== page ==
A Tale of Yesterday’s
Ten Thousand Years

Oh! come along ye tuneful 'spins',  Melpomene & Co., 
And help to twang this poet's lyre and draw his long, long bow, 
While he retails a 'corker' of ten thousand years ago!

Ten times ten weary centuries ago
(The world runs round in circles) from below 
We came to Simla. Same old game you know!

And I was I, and You were You, and They
Were They, and We were We, and pay was pay; 
And Hearts were trumps, as at the present day.

Ten times ten wicked centuries gone by 
One Hakim  Khan, astrologer, nati-
vity, and fortune-teller, came to my

Hotel with leaden dice; and broke my peace 
With prophecies of Marriage and Decease, 
And Wealth and Wisdom—all for five rupees.

Quoth he:—'Four months from now ('twas April then)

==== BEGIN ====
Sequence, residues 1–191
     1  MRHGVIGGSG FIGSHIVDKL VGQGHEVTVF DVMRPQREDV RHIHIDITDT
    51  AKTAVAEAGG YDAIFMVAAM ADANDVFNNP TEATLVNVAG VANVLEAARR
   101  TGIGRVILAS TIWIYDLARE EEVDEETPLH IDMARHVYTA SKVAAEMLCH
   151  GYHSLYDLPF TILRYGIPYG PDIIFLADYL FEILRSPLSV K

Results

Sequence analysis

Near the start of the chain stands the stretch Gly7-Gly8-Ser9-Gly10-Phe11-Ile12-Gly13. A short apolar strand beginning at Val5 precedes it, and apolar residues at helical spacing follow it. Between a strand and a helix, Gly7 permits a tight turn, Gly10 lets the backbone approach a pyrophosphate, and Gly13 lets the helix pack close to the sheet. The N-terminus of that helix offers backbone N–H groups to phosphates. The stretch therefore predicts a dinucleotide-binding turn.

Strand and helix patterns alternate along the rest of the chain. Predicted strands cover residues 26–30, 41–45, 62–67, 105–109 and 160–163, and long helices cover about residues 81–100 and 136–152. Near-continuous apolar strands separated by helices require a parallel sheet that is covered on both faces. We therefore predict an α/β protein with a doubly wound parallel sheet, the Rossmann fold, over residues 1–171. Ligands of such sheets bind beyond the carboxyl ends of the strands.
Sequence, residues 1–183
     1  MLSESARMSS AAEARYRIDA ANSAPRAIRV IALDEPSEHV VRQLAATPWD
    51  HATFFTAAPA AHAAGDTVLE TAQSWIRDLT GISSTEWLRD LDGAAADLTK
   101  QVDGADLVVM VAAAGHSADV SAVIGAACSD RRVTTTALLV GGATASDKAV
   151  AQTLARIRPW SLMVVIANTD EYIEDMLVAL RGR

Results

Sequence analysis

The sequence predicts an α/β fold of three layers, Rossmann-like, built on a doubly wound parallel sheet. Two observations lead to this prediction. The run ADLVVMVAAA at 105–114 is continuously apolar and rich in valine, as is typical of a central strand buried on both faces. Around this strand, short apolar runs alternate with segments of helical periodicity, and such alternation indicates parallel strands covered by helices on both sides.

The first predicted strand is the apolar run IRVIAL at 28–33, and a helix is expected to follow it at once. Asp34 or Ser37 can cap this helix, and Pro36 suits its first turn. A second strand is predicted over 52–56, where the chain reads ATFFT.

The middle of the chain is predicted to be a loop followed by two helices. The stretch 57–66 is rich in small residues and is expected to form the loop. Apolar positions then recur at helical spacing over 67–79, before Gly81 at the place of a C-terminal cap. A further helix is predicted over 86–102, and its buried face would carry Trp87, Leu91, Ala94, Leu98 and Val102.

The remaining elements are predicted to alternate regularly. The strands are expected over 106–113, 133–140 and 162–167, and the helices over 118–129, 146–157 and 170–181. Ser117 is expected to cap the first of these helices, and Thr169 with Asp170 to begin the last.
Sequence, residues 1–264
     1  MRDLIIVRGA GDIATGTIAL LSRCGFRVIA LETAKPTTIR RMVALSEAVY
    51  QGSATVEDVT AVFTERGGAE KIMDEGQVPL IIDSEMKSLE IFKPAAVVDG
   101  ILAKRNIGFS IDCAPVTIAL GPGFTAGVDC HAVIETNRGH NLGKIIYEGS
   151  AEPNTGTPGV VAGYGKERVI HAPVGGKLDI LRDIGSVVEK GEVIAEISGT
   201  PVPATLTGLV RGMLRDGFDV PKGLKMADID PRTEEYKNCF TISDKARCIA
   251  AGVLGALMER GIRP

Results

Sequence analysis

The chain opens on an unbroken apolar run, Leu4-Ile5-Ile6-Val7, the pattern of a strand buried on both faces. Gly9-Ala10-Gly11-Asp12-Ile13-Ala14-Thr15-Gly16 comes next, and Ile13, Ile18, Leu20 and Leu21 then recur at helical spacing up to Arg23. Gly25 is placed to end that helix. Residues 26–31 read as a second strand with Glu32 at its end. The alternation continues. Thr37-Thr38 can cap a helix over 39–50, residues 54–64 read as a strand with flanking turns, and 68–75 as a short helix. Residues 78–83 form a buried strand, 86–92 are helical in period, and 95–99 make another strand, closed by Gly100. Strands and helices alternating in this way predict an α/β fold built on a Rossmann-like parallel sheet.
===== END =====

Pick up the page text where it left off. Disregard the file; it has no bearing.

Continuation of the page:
Oh Sahib! esteem yourself most blessed of men,
At Goldsteen's  khotee when the clock strikes ten.

When—here he paused, and murmured,—'Who am I? 
Oh Sahib! to force the hand of Destiny?
Look for the maiden with the azure tie.'

I answered:—'Hakim, this is fraud confest: 
I know no maiden epicenely dressed.
Fly Hakim'—and he fled ...For it was best.

Three months rolled on—ten thousand years ago—
 I loved (how passionately none can know)
And went to 'Goldsteen's' when the moon was low.

In the verandah, as the clock struck ten
(The dance had barely started), blessed of men
Was I, oh worthy Hakim! Edith Venn

(That was her name ten times ten centuries
Ago) bare on her breast, to my surprise,
A three-inch riband azure as her eyes.

We married. Then I asked her—'Was it fate?' 
She told me Hakim Khan had bade her wait 
In April for a man with sword-scarred pate.

'Wear then this riband.'  On her breast she wore— 
We met at 'Goldsteen's'—married—for  a score
Of years she lived. Then died. I lived ten more.

Died also. Died the Hakim. Died all men.
The world spun round. My old wife, Edith Venn, 
I wait at 'Goldsteen's' when the clock strikes ten

Tonight .... the riband on her breast ... and she
May haply, at that hour remember me ... 
At all events, I'll 'pop'  to her and see.

Choose another poem